Updated on Tuesday 5 March 2013
In the world of entertainment, just about every product starts out as something that someone has to sit down and write. From video games to movies to collections of poetry, creative writing spans a huge range of rewarding writing styles and mediums. Let's take a look at what exactly creative writing covers.
Many international students are interested in expressing themselves through writing and might even be looking into some sort of writing as a career. After researching what's available at schools in the United States, they find that one recurring option is a creative writing degree. But just what is creative writing? Creative writing is, of course, writing meant to express ideas creatively! It differs from other writing forms like copywriting and technical writing in that creative writing is ultimately about generating material that has artistic and/or entertainment value rather than writing that merely communicates information efficiently and objectively (technical writing), writing that directly promotes a product or service (copywriting), and so on. While many fields of creative writing are indeed ruled by business (just think Hollywood!), at the end of the day creative writing is meant to entertain, enlighten, and inspire significantly more than other writing types.
When international students ask the question “What is creative writing?” often the first thing they'll find in the field is screenwriting. Screenwriting refers to any writing that is — surprise, surprise — meant to show up onscreen! This includes more established mediums such as television and film as well as the new, rapidly expanding market of online and mobile entertainment like webseries and mobisodes. It's plain to see that even this one variety of creative writing covers a lot of different writing types, so many international students will find themselves focusing most of their time in their creative writing degree on just screenwriting. Some schools, such as Full Sail University, even specialize in it.
Just outside what is thought of as traditional screenwriting lies creative writing for video games. Like screenwriting for online and mobile mediums, video game writing is just now defining itself thanks to the newfound popularity and artistic legitimacy of video games. The video game industry – including the writing of the games — has long been dominated by those with expertise on the technical side, with backgrounds in coding, web design, or other similar areas. Because of this, the place for those with a creative writing degree in the industry is still largely undefined. What is certain is that as the scale of video games continues to expand, more and more writing is needed to meet all the games' requirements; one game may have hundreds of thousands of words of optional dialogue, many branching story paths that could occur based on player choice, and more. This growing and creativity-rich industry is a great choice for international students who like writing and video games.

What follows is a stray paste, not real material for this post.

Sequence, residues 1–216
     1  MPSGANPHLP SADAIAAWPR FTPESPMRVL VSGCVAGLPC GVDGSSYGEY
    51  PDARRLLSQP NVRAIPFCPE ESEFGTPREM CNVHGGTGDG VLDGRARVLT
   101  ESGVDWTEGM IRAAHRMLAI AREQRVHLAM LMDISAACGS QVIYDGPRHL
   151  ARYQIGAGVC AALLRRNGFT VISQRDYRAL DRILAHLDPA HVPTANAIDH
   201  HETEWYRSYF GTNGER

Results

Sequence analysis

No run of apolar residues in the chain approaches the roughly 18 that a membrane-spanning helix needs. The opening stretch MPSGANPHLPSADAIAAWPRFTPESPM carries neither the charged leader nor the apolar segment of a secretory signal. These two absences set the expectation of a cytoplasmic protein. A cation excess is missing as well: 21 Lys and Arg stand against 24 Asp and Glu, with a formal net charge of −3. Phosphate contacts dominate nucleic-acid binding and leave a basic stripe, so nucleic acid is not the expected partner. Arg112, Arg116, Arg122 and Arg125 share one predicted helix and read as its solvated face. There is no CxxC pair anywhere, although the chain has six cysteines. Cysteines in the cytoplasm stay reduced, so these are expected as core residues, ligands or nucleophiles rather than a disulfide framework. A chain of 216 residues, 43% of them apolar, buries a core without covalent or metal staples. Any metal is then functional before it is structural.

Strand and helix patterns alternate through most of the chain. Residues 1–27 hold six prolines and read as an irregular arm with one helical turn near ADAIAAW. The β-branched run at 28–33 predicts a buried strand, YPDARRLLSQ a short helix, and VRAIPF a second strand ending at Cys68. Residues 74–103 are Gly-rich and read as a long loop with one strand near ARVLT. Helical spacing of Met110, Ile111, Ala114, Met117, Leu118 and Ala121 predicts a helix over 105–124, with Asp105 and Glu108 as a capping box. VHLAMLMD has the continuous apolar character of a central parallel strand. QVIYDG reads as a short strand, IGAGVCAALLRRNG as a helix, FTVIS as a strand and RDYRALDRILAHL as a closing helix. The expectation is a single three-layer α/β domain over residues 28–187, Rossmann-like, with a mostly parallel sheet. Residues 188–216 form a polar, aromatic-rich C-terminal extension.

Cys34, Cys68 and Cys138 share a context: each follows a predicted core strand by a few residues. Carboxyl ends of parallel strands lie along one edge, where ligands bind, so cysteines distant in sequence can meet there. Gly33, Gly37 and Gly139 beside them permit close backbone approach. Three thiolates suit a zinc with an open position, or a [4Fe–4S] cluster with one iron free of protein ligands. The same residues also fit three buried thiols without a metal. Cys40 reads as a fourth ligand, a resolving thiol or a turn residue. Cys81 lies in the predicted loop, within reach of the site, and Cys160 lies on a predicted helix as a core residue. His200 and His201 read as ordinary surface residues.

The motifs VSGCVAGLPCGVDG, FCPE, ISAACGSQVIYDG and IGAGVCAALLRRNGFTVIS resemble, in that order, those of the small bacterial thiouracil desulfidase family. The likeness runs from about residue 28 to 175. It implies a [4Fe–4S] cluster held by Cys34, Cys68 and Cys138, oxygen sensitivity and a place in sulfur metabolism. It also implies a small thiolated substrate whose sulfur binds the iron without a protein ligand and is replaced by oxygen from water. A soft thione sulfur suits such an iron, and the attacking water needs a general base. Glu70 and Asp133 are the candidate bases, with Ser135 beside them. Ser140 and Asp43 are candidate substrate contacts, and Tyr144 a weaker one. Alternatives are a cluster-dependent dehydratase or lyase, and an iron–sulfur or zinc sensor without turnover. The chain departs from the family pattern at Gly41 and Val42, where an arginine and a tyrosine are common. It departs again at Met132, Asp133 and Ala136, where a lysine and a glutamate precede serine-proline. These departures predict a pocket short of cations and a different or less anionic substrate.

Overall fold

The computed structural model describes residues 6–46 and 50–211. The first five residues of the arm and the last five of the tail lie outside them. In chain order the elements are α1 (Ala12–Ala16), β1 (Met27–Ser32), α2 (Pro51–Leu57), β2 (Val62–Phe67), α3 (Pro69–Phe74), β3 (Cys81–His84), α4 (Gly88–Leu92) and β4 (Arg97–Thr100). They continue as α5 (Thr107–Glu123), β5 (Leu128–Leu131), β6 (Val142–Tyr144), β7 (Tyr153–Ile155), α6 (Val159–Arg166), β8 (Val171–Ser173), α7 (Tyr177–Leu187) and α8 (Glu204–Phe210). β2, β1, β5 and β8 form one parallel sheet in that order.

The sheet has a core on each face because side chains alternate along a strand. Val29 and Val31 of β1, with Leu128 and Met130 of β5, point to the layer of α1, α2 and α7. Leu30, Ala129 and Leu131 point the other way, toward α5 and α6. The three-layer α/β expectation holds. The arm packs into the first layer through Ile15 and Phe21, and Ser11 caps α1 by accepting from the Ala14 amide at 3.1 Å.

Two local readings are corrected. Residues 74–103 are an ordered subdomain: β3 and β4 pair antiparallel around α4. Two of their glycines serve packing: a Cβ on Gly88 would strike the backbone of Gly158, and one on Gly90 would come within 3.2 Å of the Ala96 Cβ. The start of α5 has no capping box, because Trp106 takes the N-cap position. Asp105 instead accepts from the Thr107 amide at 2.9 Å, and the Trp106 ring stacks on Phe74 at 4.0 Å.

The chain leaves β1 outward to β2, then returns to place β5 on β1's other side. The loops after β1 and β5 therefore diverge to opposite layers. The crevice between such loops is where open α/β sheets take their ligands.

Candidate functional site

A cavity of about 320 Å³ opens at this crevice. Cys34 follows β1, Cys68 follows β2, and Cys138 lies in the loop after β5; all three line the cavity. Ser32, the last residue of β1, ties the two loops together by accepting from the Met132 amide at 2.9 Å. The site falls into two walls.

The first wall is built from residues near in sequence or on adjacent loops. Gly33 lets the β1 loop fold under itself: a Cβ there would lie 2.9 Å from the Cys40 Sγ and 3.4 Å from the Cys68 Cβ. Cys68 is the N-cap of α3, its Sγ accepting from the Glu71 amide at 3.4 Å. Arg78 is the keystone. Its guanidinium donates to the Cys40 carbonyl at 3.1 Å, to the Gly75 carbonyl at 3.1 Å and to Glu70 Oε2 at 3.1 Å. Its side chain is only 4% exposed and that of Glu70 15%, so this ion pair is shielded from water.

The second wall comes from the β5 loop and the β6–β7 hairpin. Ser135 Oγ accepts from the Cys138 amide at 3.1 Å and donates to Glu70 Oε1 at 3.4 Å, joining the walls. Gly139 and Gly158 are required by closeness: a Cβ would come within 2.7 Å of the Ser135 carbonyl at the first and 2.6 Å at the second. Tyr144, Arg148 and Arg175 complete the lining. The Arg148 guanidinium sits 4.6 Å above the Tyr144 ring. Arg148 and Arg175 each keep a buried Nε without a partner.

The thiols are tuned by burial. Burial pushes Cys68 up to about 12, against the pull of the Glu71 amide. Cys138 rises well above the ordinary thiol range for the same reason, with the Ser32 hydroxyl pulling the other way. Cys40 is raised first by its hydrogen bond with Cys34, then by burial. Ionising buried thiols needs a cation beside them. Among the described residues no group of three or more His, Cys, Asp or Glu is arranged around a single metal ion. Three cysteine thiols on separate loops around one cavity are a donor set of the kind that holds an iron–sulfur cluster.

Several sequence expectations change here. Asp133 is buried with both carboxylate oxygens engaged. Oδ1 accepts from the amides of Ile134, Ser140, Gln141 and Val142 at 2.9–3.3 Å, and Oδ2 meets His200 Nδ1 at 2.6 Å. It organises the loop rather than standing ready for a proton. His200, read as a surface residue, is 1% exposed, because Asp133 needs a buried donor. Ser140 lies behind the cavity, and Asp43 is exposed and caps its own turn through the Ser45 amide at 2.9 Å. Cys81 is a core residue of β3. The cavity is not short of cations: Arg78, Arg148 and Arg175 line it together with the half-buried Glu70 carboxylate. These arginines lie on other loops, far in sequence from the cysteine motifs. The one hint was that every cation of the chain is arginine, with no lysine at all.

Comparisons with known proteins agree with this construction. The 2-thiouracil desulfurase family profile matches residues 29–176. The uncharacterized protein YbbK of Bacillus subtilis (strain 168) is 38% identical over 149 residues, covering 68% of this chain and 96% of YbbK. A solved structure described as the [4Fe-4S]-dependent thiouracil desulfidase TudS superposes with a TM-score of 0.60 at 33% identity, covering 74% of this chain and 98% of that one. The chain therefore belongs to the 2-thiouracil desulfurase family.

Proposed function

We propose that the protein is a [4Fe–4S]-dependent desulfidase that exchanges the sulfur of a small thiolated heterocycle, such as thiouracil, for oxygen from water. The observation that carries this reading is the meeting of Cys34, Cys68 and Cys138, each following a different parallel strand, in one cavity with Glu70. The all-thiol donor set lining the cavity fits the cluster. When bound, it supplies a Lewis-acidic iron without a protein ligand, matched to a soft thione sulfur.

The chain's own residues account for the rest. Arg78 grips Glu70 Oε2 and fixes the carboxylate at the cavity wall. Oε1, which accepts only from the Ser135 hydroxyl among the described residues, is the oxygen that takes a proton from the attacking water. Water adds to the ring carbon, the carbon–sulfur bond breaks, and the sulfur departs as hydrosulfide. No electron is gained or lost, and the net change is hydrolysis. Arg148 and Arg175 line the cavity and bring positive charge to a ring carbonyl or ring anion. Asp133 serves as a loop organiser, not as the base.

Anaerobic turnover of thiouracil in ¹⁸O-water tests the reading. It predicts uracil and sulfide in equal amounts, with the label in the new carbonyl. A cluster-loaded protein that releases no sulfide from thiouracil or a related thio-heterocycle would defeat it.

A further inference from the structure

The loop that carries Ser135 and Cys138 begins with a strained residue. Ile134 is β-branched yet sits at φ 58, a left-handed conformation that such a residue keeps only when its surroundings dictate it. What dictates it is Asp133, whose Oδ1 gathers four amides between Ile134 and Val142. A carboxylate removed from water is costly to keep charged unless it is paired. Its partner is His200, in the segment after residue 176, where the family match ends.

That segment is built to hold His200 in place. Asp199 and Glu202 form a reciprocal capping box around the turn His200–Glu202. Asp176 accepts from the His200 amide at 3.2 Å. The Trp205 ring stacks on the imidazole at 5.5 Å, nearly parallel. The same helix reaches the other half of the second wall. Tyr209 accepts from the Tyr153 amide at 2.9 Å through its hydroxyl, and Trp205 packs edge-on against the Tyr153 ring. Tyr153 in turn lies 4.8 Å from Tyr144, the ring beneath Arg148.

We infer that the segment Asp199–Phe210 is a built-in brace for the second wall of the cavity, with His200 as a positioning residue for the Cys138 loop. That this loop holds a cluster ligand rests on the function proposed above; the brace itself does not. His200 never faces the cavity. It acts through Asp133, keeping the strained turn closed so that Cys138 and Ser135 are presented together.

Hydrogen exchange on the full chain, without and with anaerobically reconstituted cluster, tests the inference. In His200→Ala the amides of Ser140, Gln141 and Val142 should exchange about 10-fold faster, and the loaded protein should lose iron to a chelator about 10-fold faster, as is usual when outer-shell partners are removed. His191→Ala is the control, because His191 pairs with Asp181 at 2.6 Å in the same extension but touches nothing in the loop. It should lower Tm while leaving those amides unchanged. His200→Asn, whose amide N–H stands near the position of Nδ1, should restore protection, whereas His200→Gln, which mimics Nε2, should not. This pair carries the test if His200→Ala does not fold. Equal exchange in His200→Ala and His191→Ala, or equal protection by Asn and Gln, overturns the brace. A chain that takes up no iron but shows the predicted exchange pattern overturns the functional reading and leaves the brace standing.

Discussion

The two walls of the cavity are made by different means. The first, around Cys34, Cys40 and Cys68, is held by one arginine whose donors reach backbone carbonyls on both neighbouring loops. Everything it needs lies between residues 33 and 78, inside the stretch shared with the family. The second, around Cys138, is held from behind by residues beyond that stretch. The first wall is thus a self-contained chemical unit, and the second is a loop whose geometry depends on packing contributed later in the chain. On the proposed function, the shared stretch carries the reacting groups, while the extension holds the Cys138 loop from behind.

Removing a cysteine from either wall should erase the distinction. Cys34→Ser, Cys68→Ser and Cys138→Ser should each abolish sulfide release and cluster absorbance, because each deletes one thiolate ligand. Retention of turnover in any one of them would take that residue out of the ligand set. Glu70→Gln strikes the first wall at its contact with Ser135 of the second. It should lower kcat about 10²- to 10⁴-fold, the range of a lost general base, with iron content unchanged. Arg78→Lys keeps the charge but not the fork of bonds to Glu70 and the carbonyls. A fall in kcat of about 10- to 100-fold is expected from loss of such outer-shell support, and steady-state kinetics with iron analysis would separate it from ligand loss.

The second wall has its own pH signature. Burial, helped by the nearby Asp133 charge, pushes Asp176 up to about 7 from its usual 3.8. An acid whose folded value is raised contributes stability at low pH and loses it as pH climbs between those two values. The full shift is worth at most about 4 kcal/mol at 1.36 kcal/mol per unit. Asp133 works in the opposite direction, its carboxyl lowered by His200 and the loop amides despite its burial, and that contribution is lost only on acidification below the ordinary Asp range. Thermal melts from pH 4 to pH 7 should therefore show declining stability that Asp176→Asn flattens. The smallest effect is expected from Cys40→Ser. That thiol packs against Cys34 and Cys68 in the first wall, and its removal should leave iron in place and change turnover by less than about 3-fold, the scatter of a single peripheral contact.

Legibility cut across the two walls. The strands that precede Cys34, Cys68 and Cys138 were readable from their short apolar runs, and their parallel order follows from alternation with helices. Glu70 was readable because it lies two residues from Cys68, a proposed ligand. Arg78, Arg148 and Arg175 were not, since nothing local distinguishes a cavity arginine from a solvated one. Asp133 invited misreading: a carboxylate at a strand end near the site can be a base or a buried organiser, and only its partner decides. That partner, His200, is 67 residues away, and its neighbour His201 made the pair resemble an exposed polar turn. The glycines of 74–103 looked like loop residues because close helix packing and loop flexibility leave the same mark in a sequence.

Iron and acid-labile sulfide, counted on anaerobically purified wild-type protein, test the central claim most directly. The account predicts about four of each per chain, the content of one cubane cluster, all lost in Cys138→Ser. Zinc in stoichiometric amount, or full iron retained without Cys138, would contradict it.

But when many international students think of creative writing, they imagine writing for printed materials (books, for the most part) rather than these newer technologies involving screens or game systems. And this form of creative writing is still alive and well. Fiction writing is a huge part of creative writing, covering mediums popular among writing students like novels and short stories. These are written predominantly using prose, which, put in the simplest terms, means normal, non-rhythmic language. Just like the wide world of screenwriting, many students getting a creative writing degree will spend nearly the whole time just focusing on their prose writing.
But prose writing isn't just used in fiction. It may be surprising to people interested in creative writing, but creative writing even covers some non-fiction writing! It all boils down to what the end goal is: many autobiographies, informative books, and other nonfiction works are meant to have artistic and entertainment value beyond just blandly conveying information, placing them firmly in the realm of creative writing.
Moving beyond prose, another popular form of creative writing is poetry. Unlike prose, poetry is defined by a certain adherence to rhythm, usually producing language that sounds unlike what would normally be spoken. While poetry is often passed off as limited to times long ago or for suitors wooing women, plenty of students study poetry and turn it into a fruitful creative career.
So what is creative writing? Well, as we can see, it covers a huge amount of things, spanning mediums from movies to books and language styles including prose and poetry. Students interested in any of these writing forms should look into a creative writing degree to get their creative education started!